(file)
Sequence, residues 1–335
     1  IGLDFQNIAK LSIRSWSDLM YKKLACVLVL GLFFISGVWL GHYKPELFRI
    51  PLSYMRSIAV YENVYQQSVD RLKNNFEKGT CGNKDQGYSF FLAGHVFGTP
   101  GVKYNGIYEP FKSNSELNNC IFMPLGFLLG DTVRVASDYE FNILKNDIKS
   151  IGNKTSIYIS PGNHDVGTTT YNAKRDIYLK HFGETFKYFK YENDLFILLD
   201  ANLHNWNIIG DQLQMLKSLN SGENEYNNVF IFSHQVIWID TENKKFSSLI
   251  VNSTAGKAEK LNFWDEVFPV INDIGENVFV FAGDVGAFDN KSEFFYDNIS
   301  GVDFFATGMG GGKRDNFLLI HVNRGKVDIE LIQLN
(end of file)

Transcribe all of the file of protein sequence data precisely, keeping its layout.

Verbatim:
Sequence, residues 1–335
     1  IGLDFQNIAK LSIRSWSDLM YKKLACVLVL GLFFISGVWL GHYKPELFRI
    51  PLSYMRSIAV YENVYQQSVD RLKNNFEKGT CGNKDQGYSF FLAGHVFGTP
   101  GVKYNGIYEP FKSNSELNNC IFMPLGFLLG DTVRVASDYE FNILKNDIKS
   151  IGNKTSIYIS PGNHDVGTTT YNAKRDIYLK HFGETFKYFK YENDLFILLD
   201  ANLHNWNIIG DQLQMLKSLN SGENEYNNVF IFSHQVIWID TENKKFSSLI
   251  VNSTAGKAEK LNFWDEVFPV INDIGENVFV FAGDVGAFDN KSEFFYDNIS
   301  GVDFFATGMG GGKRDNFLLI HVNRGKVDIE LIQLN